The "common messenger" can take on many forms and assume many responsibilities. Children are, perhaps, most commonly assigned this role. In both camp and school settings (and to some extent in family and community settings) children often are the beneficiaries of adult and teacher energies. Schools devote a tremendous amount of energy and resources to assuring every child obtains the skills necessary to become productive and competent members of a democratic society. Years are spent conditioning children for a livelihood through exposure to reading, writing, and mathematics, accented by coursework in science and social studies.
Although advanced in a much different way, camps and schools share a similar and somewhat common agenda. That is, they spend a great deal of time focusing on the child as a learner. Children who attend camp benefit from the experiences, interactions, and learning in both settings. Their ideas become linked and connected in ways that might not have been possible without the benefiting from both settings. As we have seen, what is learned in school is often reinforced and substantiated in activities at camp, and vice versa.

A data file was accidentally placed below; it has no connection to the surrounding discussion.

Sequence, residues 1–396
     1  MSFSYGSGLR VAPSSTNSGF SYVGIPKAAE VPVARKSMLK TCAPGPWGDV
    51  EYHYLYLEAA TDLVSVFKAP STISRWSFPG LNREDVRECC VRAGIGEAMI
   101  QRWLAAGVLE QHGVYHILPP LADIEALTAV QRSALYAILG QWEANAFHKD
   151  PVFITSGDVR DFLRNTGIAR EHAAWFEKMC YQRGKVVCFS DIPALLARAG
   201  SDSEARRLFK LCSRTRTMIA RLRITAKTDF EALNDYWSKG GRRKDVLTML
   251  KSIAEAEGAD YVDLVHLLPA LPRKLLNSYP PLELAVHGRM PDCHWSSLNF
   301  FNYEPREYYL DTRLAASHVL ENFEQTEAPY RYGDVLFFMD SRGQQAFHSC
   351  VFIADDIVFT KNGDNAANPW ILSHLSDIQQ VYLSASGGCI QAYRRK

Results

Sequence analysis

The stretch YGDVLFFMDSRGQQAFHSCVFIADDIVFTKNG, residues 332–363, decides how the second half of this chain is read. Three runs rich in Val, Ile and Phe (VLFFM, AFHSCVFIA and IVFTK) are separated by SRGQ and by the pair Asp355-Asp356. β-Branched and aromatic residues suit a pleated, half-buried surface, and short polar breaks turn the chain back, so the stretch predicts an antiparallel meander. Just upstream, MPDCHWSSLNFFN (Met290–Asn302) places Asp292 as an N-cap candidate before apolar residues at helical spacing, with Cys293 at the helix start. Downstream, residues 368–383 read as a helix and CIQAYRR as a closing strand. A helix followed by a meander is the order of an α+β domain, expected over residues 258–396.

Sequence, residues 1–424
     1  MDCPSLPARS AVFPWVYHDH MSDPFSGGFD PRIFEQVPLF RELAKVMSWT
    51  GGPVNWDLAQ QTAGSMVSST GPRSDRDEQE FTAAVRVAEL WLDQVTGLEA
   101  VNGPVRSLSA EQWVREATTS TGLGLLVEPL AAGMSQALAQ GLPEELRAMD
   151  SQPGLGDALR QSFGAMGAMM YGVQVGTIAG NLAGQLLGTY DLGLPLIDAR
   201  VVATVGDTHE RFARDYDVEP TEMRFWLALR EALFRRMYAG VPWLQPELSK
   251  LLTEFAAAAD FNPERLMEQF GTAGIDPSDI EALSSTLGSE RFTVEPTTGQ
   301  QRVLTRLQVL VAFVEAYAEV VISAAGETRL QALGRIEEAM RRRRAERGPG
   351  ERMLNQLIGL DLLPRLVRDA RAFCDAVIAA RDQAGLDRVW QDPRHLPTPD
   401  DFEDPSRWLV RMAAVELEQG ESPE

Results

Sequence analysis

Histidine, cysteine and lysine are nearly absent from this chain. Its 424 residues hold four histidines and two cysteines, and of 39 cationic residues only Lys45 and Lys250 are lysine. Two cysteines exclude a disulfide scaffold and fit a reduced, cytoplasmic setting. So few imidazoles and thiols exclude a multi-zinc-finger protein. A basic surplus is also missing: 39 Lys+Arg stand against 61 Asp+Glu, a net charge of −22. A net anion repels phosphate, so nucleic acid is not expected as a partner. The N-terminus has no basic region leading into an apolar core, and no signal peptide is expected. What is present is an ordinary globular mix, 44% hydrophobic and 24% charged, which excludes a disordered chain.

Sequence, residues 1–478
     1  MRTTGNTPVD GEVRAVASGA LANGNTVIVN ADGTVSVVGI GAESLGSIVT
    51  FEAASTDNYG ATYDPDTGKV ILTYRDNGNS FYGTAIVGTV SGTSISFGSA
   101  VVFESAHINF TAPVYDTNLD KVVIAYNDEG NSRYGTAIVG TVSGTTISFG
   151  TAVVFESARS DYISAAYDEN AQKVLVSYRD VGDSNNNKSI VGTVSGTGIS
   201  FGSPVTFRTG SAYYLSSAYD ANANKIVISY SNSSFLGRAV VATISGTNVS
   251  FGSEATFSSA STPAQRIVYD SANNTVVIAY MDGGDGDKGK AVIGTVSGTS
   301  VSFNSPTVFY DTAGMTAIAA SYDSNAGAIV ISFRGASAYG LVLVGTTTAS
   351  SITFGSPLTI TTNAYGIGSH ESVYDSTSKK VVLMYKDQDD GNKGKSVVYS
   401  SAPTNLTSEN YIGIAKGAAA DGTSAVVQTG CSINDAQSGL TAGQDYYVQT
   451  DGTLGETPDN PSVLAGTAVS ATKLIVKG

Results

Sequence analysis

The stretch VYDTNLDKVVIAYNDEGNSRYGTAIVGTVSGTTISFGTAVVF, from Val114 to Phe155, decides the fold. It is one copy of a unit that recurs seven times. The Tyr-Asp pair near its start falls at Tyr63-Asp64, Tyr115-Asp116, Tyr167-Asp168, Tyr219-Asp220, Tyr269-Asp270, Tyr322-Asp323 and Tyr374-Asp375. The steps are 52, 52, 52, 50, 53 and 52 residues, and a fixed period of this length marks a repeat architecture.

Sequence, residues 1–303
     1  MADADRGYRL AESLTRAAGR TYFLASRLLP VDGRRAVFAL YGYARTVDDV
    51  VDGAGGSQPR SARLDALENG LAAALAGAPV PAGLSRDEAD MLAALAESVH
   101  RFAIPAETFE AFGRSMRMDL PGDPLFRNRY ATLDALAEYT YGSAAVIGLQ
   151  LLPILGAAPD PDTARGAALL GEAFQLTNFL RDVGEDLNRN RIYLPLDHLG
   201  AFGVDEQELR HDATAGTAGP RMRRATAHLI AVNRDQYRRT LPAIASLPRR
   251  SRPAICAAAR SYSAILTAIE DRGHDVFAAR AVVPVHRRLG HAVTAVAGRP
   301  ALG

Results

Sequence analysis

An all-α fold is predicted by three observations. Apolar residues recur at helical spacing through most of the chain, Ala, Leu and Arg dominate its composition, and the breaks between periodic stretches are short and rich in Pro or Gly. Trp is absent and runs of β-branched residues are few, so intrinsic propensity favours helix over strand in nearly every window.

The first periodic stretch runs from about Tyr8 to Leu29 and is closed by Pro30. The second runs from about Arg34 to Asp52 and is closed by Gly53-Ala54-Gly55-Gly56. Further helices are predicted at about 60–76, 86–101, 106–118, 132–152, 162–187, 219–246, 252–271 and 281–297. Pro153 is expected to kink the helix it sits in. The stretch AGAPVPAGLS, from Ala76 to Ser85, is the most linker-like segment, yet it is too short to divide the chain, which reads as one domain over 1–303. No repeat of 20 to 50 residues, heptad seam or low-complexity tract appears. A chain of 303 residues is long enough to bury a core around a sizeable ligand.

Linkages Over Time
The process of these experiences being catalogued and stacked in the conscience of an individual over time is vital in analyzing the relationships between all the settings identified thus far. Varied and diverse are these bits and pieces of life, acquired here and there, both realized and subliminal, which help to assemble tools and skills useful to the individual as they advance to other settings.
The very nature of these linkages permeate the walls of traditional educational institutions, eventually seeping through strongly enough to break free and become something better. Therefore, camp is more than an educational institution; it is a space, a setting, a canvas. Unconstrained by the rules and regulations of school, few institutional barriers exist between teacher and learner; configurations among all actors are free to evolve and multiply; numerous settings are incorporated; and robust communities of interaction begin to flourish and foster.
"Reframe the Issue"
Camp, unlike any other organization, becomes a vital landscape for learning and living. Institutions that educate from a variety of life experiences, including families, communities, and schools, converge and become juxtaposed with one another to form unprecedented learning outcomes. With the summer school surge on the horizon, camps can combat the call for "more of the same." Public education reform relies on the input and innovation of the private sector, while holding true to the values of equal and broader access for children to have opportunities.